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The Risks of Secondhand Smoke in Dogs

By: Dr. Dawn Ruben

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Much press has been given to the effects of secondhand smoke on people but what, if any, is the effect on our pets?

Environmental tobacco smoke or second-hand smoke is composed of the smoke exhaled from a smoker as well as the smoke released from the end of a burning cigarette, pipe or cigar. It consists of more than 4,000 chemicals including carbon monoxide, formaldehyde, benzene, chromium, nickel, vinyl chloride and arsenic.
Scientific evidence carefully collected over the last 30 years shows that people repeatedly exposed to environmental tobacco smoke are more likely to develop and die from heart problems, lung cancer and breathing problems. Several studies have been done that show chronic exposure also increases the incidence of lung disease and eye irritation in our pets.

Recent studies have shown that pets in poorly ventilated areas with chronic exposure to tobacco smoke have a high incidence of lung and nasal cancer. Those breeds of dogs with long noses, such as collies, Afghans, etc., are at greater risk of nasal cancer. Those breeds with short noses, such as bulldogs, pugs, Shih tzu's, etc., have a greater risk of lung cancer. It is suspected that the difference between breeds and the types of cancer relate to where the cancer causing particles are deposited. In short nose breeds, the particles are able to pass into the lungs before being deposited. In long nose breeds, the particles are deposited along the lining of the nasal passages.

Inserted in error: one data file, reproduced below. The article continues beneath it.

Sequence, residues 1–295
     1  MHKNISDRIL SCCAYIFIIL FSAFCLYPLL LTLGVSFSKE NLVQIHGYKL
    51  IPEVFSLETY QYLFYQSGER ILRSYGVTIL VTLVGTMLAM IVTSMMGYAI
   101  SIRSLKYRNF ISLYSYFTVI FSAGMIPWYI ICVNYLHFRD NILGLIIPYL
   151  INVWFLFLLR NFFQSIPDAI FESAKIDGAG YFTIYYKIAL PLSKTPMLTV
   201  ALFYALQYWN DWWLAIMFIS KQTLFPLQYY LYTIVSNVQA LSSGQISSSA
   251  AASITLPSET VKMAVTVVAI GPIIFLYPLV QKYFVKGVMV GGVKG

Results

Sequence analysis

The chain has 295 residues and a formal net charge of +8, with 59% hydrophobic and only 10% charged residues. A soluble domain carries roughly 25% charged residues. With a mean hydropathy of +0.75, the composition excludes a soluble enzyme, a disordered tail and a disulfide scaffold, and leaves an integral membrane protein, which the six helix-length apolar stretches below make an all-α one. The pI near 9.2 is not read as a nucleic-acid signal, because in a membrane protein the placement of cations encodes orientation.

Secondhand smoke alone has not been shown to cause the above-mentioned disorders. The primary culprit is chronic exposure in poorly ventilated areas. Unfortunately, many of the harmful products in smoke are in the form of gas. Therefore, environmental tobacco smoke cannot be entirely filtered out through ventilation systems or special fans. It can take many hours for the smoke of a single cigarette to clear.

Tips for Minimizing Risk

If you are a smoker and your pets are exposed to second-hand smoke, this might be a good reason to stop. Or...consider smoking outside. If neither of these are options, you might consider having smoke-free areas in the house to which your pets can escape. Regular brushing and grooming help to remove the smoke residue form their hair. This is especially important in cats that are likely to groom, lick and ingest the residue on their coats. Air purifiers may also be helpful. Some veterinarians suggest at vitamin C and other anti-oxidants to minimize the cancer generating effects. See your veterinarian to determine if these are good options for your pet.

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